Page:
How it Feels to be Colored me Summary and Analysis

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Background of the Essay

In “How It Feels to Be Colored Me,” Zora Neale Hurston writes about her struggles as an African-American woman in early 20th-century America. The controversial essay was first printed in the May 1928 issue of The World Tomorrow. It was evidently at odds with the theories of racial segregation and did not entirely fit with the Harlem Renaissance’s blossoming of Black pride. Hurston, who was brought up in an all-Black neighborhood in Florida, did not give her color any thought until she moved away from home. In the essay, she disassociates herself from “the sobbing school of Negrohood,” which would have required her to perpetually assert historical and current injustices. She does not have to worry about a “dark ghost” appearing in her bed because she has led a good life, allowing her to sleep at night. Hurston challenges the mindsets of both her and present-day society with the wittiness of her words, which convey a potent message. This essay provides a summary of “How It Feels to Be Colored Me,” alongside an analysis of its characters and themes.  


Zora Neale Hurston discusses her self-discovery and self-pride in her extensively anthologized evocative essay, “How It Feels to Be Colored Me.” She takes the reader through this journey by using figurative language, imagery, and colorful diction while adhering to the standards of description. She starts the essay by exploring her youth in Eatonville, Florida, via recollections of times when she met neighbors, sang and danced in the neighborhood, and observed her environment from a safe location on her front veranda. She uses a conversational style and numerous colloquialisms. She was “everybody’s Zora” (Hurston, 1928, p.1) back then, unfettered by the jarring sense of difference. She, however, left home aged thirteen to enroll in a boarding school in Jacksonville upon the demise of her mother. She instantly turned “colored” there.

Hurston asserts that she does not view herself as “tragically colored” and starts to weave elaborate metaphors that allude to her self-pride. She is too preoccupied “sharpening my oyster knife” (Hurston, 1928, p.2) to pause to consider the suffering that prejudice can bring, and like a “dark rock surged upon” (Hurston, 1928, p.2), she comes out tougher for the struggles that have come her way. She, however, admits instances in which she or others feel racially distinct, and a conversation with an acquaintance at a jazz club highlights the disparity in their respective lives.

Hurston crafts an elaborate metaphor towards the conclusion of the essay in which she likens herself to a brown bag filled with miscellaneous items. She implies that individuals of different races are fundamentally the same by comparing them to various colored bags that would not significantly change if they were dumped into a big pile and restuffed. She claims that the Creator, also known as “the Great Stuffer of Bags” (Hurston, 1928, p.2) may have created humanity in this manner from the beginning. Based on this, she puts forth a viewpoint that transcends pride in an individual’s race to pride in oneself.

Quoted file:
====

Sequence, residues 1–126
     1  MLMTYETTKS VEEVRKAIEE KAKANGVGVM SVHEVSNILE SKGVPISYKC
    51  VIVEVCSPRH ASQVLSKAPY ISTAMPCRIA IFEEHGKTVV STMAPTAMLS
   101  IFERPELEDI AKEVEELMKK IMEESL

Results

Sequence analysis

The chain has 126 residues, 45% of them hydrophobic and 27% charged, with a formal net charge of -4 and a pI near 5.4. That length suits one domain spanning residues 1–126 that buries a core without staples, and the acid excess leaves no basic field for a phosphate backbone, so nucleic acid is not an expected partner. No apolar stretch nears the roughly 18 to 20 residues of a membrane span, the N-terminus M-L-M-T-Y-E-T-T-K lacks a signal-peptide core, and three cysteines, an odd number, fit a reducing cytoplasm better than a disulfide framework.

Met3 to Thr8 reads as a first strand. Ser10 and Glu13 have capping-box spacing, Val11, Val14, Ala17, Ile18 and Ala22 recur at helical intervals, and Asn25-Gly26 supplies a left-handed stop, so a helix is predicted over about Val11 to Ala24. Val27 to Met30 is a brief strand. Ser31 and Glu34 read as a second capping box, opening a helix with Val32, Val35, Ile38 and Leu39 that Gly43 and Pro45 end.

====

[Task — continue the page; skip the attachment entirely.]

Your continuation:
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Character Analysis

Zora Neale Hurston

As a little black child giving spontaneous performances for white visitors, as an adolescent facing blatant prejudice for the first time, and as a learner and writer in New York, Zora Neale Hurston portrays herself at several points in her relatively young life. She is intelligent and assured when she writes, and her portrayal of what it is like to be “colored” in the 20th century stands out for its positivity.

She is driven and daring, and she is sure that success and acclaim are in her future. Her confidence occasionally borders on faux arrogance. Hurston sends a message by using this self-description that she is confident in her abilities. It also serves as a means of highlighting the ridiculousness of racism, which is when white Americans reject attractive and intelligent people because of their skin tone. In a surprised tone, she wonders, “How can any deny themselves the pleasure of my company? It’s beyond me” (Hurston, 1928, p.3).

The White Neighbor

The fictitious representation of the white neighbor represents all of white America. Hurston employs him to highlight her own interpretation of the American history of racism. As she portrays his gradual but inevitable collapse, which corresponds with the ultimate advancement of black residents, she almost feels sorry for this person (Jones, 2009). The guilt of the long-standing atrocity of black slavery weighs heavily on the white neighbor.

The White Friend